I managed to get myself about five or six feet from Leo, and I thought I could finish the rescue from there. Leo was still out of my reach, but if I could get him to come toward me a few feet, then he would be within reach. I placed my net on a long handle behind him knowing that would motivate him to come toward me. That worked, but it worked too well. He came toward me, but he ran down the branch to get past me as fast as he could. There was no time to make friends with him or even slow him down. He scampered down the branch several feet and then walked out on another fork of the branch far away from me.
I followed him as best I could, but this time I could not get very close to him. Again, I tried to place my net behind him to encourage him to move closer to me, but this time he managed to get by the net and go even farther away and well beyond my reach. It was time to concede defeat. It was also getting dark. In a situation like this where the tree is large and the branches are long and the cat is uncooperative, the only thing I know to do is to set a trap for him.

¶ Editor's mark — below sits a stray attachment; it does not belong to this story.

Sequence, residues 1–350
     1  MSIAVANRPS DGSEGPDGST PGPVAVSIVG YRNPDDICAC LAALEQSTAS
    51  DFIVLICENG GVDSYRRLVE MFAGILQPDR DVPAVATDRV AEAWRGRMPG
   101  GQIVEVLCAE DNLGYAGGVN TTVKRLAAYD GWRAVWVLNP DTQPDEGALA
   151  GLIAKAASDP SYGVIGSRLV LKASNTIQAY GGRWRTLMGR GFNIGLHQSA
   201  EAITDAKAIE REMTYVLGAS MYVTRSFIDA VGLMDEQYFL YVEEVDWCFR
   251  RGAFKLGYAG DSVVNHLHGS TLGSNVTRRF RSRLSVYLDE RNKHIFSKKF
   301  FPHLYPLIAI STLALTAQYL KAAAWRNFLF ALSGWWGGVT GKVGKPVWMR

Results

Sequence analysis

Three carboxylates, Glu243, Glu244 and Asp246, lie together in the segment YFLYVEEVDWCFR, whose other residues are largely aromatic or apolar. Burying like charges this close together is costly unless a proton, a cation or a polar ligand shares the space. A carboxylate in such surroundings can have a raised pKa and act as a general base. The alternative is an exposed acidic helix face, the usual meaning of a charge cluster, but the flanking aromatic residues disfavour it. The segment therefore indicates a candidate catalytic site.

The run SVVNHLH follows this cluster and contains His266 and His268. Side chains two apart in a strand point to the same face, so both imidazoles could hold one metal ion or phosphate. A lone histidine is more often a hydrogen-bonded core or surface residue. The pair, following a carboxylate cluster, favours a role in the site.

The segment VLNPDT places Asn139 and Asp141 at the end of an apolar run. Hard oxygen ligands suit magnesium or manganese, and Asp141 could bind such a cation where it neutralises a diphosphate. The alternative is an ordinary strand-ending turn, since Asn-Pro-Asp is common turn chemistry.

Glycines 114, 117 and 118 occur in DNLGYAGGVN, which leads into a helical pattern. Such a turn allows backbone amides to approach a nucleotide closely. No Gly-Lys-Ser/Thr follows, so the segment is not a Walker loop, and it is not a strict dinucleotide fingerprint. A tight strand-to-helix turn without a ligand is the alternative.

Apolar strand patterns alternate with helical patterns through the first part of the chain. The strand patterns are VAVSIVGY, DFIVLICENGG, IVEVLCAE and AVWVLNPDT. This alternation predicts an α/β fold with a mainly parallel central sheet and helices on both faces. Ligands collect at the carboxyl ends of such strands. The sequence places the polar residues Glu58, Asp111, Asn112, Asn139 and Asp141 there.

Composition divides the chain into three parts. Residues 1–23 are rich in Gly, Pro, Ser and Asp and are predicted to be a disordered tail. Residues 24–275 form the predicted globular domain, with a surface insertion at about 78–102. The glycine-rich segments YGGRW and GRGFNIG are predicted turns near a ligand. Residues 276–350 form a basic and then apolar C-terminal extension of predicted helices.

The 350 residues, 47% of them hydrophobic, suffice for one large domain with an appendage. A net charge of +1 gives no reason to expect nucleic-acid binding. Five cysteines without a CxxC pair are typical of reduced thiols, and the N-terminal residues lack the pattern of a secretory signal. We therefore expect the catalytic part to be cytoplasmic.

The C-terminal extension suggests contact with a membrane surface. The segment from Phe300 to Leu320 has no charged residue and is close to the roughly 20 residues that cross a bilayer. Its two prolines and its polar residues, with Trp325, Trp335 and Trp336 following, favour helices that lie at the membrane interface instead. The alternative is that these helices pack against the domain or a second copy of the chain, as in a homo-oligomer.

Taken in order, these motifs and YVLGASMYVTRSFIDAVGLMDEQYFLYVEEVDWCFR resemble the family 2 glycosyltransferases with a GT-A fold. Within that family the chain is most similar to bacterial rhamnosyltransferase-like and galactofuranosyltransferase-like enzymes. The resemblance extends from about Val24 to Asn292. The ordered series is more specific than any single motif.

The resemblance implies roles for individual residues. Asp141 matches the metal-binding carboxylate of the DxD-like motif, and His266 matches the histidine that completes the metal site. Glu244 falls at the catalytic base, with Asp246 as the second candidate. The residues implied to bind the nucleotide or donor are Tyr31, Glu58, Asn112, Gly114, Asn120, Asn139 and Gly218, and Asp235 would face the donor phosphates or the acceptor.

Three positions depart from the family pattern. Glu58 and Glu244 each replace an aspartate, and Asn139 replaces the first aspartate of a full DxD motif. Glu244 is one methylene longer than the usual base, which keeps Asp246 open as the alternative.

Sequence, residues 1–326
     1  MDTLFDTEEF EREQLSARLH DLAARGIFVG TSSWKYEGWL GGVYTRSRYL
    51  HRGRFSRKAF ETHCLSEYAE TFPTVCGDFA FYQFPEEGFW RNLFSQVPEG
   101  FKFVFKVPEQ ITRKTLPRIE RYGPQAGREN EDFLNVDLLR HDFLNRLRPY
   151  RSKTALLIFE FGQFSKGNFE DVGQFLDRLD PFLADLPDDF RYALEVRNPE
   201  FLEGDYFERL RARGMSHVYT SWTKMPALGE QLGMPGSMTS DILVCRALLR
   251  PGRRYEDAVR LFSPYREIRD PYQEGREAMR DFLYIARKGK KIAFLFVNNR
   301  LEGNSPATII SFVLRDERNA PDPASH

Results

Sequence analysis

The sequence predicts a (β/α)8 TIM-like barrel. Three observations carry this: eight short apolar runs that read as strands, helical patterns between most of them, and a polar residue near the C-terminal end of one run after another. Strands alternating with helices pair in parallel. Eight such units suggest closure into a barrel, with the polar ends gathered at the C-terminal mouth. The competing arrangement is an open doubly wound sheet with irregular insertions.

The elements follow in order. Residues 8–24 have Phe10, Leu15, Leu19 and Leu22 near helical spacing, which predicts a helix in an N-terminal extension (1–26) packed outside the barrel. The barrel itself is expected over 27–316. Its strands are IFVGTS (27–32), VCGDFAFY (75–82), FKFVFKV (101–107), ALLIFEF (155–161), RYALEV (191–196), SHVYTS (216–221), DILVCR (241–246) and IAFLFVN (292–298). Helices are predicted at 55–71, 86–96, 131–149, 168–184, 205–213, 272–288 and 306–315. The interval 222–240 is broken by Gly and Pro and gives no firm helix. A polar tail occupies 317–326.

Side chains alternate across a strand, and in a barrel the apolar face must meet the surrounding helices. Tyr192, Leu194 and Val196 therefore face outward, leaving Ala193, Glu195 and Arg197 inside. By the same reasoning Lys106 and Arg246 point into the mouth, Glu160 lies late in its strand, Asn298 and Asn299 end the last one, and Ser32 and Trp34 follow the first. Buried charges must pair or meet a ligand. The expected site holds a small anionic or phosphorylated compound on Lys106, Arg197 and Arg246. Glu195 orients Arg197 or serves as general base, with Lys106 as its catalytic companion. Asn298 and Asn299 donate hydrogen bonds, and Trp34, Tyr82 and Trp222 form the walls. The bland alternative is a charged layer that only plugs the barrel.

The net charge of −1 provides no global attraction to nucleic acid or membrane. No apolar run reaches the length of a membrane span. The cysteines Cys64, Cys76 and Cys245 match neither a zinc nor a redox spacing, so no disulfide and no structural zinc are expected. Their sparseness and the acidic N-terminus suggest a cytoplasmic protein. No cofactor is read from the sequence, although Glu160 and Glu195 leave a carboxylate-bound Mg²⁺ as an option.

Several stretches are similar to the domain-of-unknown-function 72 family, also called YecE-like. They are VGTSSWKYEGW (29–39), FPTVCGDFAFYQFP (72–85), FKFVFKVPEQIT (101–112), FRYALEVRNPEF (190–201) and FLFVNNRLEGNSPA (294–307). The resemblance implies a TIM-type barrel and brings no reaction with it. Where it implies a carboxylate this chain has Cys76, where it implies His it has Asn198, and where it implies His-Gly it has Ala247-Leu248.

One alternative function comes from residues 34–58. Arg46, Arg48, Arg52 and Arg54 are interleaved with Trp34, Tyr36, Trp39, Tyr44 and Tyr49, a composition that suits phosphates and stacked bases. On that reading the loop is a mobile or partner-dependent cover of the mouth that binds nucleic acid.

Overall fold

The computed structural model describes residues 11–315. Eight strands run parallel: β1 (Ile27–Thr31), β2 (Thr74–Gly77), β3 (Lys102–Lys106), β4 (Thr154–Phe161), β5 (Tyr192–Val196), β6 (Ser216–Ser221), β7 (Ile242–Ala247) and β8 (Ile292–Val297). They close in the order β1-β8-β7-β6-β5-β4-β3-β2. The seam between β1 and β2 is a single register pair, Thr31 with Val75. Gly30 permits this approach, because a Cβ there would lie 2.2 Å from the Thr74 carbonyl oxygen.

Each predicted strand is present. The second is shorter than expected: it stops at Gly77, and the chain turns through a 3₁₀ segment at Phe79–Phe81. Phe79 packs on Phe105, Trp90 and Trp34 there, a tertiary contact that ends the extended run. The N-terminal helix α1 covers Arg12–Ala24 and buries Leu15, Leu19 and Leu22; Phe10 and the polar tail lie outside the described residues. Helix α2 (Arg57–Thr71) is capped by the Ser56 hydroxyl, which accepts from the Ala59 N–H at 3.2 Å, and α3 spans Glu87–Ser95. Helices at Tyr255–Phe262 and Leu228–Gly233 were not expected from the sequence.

Justin graciously retrieved my trap and other needed gear from the truck for me and attached it to my rope so that I could pull it up into the tree. I placed the trap on the cat's branch with the opening facing him. There were two very large burls on the branch, and I had no choice but to place the trap between them. I secured the trap to the branch, but I had concerns about the burl in front of the trap because it would be just below the open trap door. That left less room for Leo to get into the trap without bumping and triggering the trap door closed while he was still outside the trap. To improve the odds, I placed a small dollop of food on top of the burl and another one immediately past it in order to encourage him to keep his head down as he walked under the open trap door.
I went back down to the ground, packed up and headed home feeling tired, discouraged and pessimistic about trapping Leo. I did not sleep well because I was so tired and also because I was worried about what I would do if Leo were not in the trap in the morning. I worked on some plans, but I knew that everything could change depending on where Leo was in the morning.